Exoskeletons in logistics. A revolution in warehouse management

Exoskeletons are increasingly being used for more than just military and medical purposes. They are now being used in construction and logistics to help with the movement of heavy loads in areas where the use of heavy equipment is not recommended. A variety of manufacturers produce these devices, but the cost of them is still uncertain. Testing is being done to assess how these devices can reduce the strain on limbs and spine, as well as their effect on overall physical health. In the future, they may compete with industrial robots. Exoskeletons can be used in logistics for warehousing, loading and unloading, lifting and lowering, and picking and dismantling. They come in two varieties: passive, which are supported by mechanical means, cable systems, or springs, and active, which offer additional external support in the form of motors or pneumatic systems. Both types of exoskeletons act as a kind of “armor”, providing strength to all or some of the muscles and joints (such as the arm).

The use of exoskeletons in industry and warehouses has been gaining in popularity in recent years, as they allow workers to lift heavy objects with ease. Different companies have opted for different approaches, with some using passive exoskeletons and others implementing them into their workforces in order to increase worker productivity.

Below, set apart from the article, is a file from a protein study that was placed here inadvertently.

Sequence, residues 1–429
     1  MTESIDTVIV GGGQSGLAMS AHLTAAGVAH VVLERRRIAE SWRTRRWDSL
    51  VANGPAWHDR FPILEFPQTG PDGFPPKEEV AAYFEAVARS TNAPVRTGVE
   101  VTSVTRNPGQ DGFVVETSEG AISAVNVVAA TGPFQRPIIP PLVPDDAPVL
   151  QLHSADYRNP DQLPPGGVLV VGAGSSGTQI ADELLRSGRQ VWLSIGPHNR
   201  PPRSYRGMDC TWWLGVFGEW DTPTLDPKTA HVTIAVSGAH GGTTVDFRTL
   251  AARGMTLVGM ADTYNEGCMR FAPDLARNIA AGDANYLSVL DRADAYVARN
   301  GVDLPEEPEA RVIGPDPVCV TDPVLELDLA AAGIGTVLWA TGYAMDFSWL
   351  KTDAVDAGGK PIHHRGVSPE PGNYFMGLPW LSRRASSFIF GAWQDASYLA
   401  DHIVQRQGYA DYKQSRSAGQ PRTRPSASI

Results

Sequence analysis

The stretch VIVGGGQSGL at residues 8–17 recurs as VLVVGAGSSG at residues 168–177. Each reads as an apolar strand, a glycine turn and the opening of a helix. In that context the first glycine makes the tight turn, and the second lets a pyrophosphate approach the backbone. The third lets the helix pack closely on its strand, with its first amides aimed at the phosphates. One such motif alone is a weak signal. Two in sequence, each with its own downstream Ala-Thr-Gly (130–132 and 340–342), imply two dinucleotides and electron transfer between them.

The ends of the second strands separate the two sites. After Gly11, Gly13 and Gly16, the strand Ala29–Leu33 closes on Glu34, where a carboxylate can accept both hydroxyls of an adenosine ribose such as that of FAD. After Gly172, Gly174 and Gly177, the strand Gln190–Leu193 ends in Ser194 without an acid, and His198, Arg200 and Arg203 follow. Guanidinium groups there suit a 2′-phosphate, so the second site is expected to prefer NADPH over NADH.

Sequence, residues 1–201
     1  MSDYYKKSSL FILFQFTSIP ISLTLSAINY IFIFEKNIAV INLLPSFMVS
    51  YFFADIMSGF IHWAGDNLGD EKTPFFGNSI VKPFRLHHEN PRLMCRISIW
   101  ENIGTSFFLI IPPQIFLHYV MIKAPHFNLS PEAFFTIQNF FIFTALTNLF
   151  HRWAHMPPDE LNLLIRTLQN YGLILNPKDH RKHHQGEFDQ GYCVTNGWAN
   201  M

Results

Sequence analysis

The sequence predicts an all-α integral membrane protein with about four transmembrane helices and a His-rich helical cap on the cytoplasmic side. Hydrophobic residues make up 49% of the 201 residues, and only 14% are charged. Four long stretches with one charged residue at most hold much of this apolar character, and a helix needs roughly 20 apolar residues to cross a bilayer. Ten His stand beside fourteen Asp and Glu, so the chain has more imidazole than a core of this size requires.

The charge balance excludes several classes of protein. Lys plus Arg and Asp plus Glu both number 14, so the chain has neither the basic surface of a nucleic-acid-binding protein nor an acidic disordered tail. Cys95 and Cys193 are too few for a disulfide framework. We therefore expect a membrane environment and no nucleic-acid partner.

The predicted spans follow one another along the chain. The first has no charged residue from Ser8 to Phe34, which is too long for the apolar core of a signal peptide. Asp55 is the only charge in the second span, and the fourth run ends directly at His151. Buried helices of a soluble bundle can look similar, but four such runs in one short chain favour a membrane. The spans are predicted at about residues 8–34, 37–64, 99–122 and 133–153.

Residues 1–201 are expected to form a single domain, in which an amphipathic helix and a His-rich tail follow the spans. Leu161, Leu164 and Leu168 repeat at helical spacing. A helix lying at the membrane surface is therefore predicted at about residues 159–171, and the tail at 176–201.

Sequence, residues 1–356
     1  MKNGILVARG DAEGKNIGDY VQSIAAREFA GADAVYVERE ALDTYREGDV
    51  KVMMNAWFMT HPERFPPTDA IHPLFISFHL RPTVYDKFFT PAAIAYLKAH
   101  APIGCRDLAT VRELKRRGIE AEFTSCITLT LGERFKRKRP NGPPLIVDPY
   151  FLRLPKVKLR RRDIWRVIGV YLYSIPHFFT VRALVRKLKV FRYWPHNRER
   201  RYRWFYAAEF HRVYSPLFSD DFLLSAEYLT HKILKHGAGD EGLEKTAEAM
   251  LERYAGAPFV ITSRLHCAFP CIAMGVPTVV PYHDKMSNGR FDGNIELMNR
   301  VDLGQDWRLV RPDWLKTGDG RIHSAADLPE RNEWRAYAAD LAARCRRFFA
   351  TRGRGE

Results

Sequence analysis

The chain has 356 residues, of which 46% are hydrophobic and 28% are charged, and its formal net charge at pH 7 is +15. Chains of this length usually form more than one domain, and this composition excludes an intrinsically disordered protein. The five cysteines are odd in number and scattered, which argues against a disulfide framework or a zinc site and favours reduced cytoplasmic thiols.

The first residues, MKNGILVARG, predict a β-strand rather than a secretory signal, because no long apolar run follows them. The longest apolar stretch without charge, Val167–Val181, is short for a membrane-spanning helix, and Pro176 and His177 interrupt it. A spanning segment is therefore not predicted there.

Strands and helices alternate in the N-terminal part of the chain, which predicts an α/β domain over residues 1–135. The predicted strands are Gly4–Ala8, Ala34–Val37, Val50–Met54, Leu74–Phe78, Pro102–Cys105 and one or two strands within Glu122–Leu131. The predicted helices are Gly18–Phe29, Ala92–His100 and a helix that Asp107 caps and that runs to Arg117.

There is increasing interest in the automotive sector among companies such as BMW and Ford, with companies looking to introduce exoskeletons to help reduce the amount of strain on their employees. These devices come from EksoVest, and while they don’t have a power source of their own, they are driven by the muscles of the user. It is estimated that the average Ford factory worker raises their arms an average of 4,600 times a day, so the exoskeleton could take on a significant amount of this effort.

The Audi Research Group has begun researching exoskeletons in order to help reduce back pain. This robotic device, developed by Hyundai engineers, is an advanced version of the H-LEX device, which is designed to lift very heavy loads. The supplier claims that with this machine, the user can lift objects weighing up to several hundred kilograms.

LG’s CLOi SuitBot is a device that helps people lift and carry heavy objects as well as unload their spine. The device uses artificial intelligence technologies to monitor the body and adjust the device to the user’s current working conditions. If the exoskeleton detects inconsistencies, it will immediately turn off and quickly inform the owner.

German Bionic exoskeletons have been tested at several DB Schenker warehouses, helping warehouse workers to carry parcels weighing up to 15 kg with the help of electromechanics.

The most advanced exoskeleton on the market is being developed by Sarcos Robotics engineers and it is powered only by miniature batteries that can be replaced with charged ones at any time. This makes replacement easy in the field, and the power of the device is also important. The developers of the exoskeleton ensure that the operator can exert up to 2 kg of force to lift a 45 kg load.

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